The Political Effects of Becoming a Citizen: Solution or selection?

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dc.contributor.author STREET, Alex
dc.date.accessioned 2012-09-05T13:58:55Z
dc.date.available 2012-09-05T13:58:55Z
dc.date.issued 2012
dc.identifier.issn 1830-7728
dc.identifier.uri http://hdl.handle.net/1814/23426
dc.description.abstract The status of citizenship confers the right to participate as a full member of the political community. One might therefore expect foreign residents who acquire citizenship to become more engaged with politics. However, acquiring citizenship is a selective process. Foreign residents choose whether to apply, and states enact citizenship laws that make naturalization easier for some than for others. This suggests the alternative possibility that differences between naturalized citizens and the people who remain foreign residents reflect the factors that push some people to select into citizenship, rather than any effects of the new status. This paper evaluates these two alternatives, using longitudinal data to compare the same people over time. I present evidence suggesting that immigrants do not become more politically engaged after acquiring citizenship, but that the children of immigrants do become more engaged as citizens. en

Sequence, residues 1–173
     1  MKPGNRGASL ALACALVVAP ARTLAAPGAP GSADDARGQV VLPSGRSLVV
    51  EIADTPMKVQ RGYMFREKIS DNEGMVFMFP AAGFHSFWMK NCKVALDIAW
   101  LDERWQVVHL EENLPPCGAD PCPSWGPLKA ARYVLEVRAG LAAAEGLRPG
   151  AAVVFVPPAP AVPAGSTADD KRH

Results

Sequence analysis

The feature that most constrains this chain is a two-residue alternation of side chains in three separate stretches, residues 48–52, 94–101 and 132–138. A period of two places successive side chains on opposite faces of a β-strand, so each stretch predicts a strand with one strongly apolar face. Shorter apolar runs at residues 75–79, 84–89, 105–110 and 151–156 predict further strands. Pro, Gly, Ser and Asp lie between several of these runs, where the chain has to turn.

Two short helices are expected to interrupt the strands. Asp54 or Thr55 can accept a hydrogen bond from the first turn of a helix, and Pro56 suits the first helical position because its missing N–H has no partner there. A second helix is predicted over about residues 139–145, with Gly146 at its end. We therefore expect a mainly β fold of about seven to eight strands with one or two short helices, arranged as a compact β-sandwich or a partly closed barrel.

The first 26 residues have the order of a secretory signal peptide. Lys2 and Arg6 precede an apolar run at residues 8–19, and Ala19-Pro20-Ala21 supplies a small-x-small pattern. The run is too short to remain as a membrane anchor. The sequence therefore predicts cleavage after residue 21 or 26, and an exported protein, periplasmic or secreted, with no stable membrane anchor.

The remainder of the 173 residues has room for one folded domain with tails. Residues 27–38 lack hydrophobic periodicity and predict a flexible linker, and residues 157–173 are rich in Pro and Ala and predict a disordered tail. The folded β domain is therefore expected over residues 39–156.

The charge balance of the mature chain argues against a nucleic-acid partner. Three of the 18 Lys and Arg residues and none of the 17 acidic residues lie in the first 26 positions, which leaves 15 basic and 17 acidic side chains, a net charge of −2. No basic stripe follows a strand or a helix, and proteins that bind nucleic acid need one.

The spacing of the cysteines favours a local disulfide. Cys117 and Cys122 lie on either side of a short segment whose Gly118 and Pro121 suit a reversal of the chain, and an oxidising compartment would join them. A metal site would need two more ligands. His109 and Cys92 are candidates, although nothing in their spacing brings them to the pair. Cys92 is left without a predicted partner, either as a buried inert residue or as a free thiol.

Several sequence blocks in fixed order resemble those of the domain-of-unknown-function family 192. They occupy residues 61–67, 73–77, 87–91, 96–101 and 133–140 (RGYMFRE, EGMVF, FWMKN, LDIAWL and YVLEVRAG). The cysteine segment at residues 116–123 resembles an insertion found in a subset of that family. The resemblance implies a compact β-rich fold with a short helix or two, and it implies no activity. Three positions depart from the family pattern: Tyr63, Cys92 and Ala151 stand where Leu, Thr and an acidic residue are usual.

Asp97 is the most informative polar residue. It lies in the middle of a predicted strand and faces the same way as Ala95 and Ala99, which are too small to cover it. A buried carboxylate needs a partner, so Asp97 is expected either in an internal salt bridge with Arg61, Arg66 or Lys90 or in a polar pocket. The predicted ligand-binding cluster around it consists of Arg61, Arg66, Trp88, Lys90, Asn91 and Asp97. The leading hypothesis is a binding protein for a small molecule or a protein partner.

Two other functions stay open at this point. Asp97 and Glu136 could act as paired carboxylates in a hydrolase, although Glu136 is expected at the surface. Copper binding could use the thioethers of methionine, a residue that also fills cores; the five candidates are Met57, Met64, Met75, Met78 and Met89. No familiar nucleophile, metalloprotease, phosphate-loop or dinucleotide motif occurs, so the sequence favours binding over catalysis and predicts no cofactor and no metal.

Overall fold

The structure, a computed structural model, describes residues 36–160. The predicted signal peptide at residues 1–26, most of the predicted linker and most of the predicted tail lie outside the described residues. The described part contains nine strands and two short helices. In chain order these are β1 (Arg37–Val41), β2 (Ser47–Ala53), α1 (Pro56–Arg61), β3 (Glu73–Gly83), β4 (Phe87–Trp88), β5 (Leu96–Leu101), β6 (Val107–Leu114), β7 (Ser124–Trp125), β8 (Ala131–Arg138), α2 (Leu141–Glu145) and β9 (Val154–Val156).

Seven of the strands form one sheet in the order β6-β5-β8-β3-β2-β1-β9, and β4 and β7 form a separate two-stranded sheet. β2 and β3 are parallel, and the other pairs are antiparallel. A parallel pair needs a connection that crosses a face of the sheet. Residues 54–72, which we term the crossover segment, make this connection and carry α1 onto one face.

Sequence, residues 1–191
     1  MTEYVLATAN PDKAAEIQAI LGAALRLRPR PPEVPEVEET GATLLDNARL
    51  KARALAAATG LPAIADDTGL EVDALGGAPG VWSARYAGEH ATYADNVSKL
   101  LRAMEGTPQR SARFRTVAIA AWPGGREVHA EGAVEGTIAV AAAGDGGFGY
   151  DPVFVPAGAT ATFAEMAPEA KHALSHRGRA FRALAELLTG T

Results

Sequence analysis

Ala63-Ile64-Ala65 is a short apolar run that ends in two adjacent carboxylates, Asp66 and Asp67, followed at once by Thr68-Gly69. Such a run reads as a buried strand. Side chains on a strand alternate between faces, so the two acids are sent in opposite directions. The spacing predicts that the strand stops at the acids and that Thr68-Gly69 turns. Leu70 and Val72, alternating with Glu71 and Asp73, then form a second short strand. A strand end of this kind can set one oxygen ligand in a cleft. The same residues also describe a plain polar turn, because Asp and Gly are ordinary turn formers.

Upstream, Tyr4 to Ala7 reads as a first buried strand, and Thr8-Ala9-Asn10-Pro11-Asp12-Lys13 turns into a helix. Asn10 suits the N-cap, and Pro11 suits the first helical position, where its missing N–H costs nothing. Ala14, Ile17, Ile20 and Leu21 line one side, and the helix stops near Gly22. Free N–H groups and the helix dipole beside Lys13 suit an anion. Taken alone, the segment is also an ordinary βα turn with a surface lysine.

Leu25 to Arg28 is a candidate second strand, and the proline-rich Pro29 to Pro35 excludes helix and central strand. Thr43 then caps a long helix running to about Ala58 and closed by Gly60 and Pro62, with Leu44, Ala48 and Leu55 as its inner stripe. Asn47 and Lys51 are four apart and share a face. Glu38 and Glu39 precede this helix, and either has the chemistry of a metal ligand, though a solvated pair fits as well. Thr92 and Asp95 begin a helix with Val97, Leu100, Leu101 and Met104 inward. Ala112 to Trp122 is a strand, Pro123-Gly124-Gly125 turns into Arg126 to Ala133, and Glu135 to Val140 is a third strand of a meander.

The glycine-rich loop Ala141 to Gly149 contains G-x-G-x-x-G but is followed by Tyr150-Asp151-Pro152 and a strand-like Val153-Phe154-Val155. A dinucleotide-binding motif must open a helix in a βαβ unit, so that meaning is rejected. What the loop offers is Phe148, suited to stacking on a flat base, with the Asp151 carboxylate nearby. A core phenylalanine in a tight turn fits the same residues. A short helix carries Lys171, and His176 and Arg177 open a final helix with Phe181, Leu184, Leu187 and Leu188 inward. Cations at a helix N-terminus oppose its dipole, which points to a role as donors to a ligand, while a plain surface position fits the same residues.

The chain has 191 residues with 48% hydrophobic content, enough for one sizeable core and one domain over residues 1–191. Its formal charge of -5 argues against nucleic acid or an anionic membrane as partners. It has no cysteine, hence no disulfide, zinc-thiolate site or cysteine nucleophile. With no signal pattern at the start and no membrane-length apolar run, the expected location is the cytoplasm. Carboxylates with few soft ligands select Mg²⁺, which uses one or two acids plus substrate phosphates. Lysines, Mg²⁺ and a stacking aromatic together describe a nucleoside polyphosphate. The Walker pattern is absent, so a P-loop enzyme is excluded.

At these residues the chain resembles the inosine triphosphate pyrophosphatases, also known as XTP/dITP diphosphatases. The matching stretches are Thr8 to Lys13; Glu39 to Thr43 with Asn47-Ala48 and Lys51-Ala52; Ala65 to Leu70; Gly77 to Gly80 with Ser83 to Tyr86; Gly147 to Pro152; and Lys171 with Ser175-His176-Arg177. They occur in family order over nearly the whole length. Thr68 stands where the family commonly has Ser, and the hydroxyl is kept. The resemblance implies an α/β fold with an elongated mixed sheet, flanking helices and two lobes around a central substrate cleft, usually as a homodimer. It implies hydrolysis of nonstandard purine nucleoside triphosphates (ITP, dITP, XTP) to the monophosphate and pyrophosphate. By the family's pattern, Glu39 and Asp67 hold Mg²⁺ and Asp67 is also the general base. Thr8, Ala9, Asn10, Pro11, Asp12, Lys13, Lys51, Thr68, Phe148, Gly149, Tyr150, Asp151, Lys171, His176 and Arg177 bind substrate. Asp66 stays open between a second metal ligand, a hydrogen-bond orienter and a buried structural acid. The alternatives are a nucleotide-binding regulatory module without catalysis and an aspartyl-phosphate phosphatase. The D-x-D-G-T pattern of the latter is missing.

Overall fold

dc.language.iso en en
dc.relation.ispartofseries EUI MWP en
dc.relation.ispartofseries 2012/19 en
dc.subject Citizenship en
dc.subject immigration en
dc.subject political engagement en
dc.subject longitudinal data en
dc.title The Political Effects of Becoming a Citizen: Solution or selection? en
dc.type Working Paper en


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